It was 1974. The world appeared to be going nuts.
Newspaper heiress Patty Hurst is kidnapped, the gasoline crisis creates a shortage, bringing about rationing and the 55 mile per hour speed limit; 149 tornadoes hit 13 U.S. cities and one Canadian province leaving 300 dead and 5,000 injured; the largest bank failure in American history (at that time) occurred ...
and Cal Bickle of Richland, Wash., noticed Tri-City parks had no squirrels. His reflection on this observation may have occurred during his time spent waiting in line at the gas pump.
Since Cal, an employee of the city of Kennewick, couldn't control much of what was occurring nationally, he could do something about his little corner of the world -- with permission, of course. His supervisors agreed that his benign request to purchase five chipmunks and later three tree squirrels should be granted.
Never miss a local story.
It's a decision that has affected others for decades.
Fast-forward to 2012 when during an October Saturday hundreds of people found themselves without power in the Tri-Cities. If frantic women with sopping hair and powerless hair dryers couldn't imagine the source of their household drama, most likely others were in the dark, too.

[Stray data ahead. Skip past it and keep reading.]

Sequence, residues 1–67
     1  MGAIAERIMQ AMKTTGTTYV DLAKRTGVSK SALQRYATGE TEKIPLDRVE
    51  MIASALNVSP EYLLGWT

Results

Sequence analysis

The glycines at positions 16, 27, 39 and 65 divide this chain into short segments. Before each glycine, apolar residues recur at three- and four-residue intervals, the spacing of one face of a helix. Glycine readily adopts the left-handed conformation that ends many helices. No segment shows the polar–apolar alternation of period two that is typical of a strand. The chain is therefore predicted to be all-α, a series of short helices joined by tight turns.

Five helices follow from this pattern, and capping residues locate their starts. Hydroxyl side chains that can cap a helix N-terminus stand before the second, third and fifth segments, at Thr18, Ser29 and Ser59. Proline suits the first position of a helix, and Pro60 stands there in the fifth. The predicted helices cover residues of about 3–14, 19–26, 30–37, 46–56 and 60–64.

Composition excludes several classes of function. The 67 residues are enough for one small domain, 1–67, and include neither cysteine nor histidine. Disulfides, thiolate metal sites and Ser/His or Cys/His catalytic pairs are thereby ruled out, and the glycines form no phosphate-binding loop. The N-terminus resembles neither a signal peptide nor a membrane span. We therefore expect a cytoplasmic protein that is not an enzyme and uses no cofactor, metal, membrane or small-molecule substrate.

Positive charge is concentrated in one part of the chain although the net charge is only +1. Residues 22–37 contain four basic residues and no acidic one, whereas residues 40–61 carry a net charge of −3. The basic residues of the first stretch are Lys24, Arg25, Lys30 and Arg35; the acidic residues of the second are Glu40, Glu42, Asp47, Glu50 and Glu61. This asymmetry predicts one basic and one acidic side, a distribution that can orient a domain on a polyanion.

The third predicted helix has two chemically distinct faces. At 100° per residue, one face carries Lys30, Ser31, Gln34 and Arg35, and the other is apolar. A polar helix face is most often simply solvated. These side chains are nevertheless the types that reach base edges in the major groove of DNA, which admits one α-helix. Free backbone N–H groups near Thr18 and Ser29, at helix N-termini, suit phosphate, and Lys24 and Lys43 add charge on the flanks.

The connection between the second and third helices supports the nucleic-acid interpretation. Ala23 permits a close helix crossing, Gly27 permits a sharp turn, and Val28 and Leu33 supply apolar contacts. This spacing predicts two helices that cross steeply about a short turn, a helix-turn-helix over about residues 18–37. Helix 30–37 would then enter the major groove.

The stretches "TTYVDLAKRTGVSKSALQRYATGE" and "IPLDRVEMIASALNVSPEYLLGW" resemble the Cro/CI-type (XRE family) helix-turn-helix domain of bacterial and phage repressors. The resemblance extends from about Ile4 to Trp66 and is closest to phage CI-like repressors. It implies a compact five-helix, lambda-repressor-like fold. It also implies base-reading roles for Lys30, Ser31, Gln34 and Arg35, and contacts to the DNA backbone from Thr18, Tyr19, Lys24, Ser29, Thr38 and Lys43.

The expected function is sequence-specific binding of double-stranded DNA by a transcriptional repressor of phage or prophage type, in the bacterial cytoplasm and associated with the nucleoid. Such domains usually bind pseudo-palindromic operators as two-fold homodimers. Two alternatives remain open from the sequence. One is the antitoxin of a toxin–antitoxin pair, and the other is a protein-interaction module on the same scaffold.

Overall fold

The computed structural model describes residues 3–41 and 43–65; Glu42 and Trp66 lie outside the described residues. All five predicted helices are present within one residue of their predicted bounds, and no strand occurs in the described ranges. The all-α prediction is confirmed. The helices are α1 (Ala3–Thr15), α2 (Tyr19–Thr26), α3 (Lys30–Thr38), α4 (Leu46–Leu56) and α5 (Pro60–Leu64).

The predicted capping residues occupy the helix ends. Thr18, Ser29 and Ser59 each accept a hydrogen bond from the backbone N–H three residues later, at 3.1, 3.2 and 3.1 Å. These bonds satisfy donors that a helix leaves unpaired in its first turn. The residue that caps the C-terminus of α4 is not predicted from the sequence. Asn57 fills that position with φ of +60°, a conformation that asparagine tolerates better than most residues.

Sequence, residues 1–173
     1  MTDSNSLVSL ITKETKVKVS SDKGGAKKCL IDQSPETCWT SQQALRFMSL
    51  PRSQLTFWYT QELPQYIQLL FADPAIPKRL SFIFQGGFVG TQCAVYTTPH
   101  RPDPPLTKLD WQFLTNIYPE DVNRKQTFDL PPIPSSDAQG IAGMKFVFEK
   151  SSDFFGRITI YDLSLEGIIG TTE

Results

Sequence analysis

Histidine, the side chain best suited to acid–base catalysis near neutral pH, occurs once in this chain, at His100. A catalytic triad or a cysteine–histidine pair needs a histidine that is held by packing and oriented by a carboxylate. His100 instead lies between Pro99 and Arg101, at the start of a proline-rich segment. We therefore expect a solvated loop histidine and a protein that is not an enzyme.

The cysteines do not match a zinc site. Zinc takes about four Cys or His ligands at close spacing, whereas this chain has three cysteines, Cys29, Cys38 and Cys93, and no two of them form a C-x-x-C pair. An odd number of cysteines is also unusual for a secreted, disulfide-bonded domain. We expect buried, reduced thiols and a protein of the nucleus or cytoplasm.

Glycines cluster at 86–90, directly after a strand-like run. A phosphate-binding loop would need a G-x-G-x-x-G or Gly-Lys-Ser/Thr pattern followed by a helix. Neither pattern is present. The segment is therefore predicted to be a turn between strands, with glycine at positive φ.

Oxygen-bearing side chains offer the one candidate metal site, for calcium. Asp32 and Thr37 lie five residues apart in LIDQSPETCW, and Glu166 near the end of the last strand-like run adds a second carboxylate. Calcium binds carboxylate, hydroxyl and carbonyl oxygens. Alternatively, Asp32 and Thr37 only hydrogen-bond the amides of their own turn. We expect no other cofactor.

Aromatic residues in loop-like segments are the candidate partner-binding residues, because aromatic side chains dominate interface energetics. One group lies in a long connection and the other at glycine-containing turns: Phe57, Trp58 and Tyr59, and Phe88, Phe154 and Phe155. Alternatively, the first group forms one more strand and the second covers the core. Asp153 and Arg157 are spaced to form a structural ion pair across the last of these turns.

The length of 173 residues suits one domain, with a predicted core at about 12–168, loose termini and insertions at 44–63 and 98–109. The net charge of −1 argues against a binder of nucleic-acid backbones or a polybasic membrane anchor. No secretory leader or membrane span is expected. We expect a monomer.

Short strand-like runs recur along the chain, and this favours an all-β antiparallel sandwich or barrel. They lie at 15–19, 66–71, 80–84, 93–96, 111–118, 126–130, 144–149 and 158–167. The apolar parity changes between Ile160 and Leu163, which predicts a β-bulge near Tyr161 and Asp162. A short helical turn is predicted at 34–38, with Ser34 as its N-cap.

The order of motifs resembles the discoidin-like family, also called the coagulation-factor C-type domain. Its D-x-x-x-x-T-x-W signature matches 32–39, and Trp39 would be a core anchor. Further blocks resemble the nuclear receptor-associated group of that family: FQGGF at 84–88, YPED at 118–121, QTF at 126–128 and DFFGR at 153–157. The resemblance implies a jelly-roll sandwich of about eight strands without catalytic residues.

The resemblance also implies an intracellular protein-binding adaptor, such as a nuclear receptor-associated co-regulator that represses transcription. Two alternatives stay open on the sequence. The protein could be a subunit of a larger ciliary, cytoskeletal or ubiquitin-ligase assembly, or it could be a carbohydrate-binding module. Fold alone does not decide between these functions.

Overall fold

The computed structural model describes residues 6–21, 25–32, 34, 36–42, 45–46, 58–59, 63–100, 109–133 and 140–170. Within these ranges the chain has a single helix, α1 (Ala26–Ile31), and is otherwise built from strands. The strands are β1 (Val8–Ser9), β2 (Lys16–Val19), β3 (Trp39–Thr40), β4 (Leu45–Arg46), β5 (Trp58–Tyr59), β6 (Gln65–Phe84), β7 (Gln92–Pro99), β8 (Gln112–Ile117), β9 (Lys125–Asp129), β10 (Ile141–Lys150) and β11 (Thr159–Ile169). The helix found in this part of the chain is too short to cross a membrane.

As it turned out, a squirrel out searching for nuts created a few in the process. Its misstep into a transformer caused a cable to fail which shut down the power -- and inadvertently the squirrel.
But not to worry about the little critter. Hundreds more are at the ready to take its place.
Typically, squirrels see the "light" fairly often and as a result, parts of our community don't -- sometimes for hours. Word on the street -- another place squirrels meet an untimely fate -- is that power outages are quite common, possibly giving city workers less time to ponder why our parks may be lacking in some other creature.
I don't know what the squirrel population is in the Tri-Cities, but we've noticed our walnut tree standing naked, shells strewn about its trunk. And just the other day we spotted two furry tree squirrels that have migrated from town to our rural area, busily burying their cache of nuts.
This observation has given me food for thought: Where there are two squirrels, there will soon be ... Oh no!
If only Cal could have known the consequences of his decision. Nowadays, it's driving a lot of people nuts.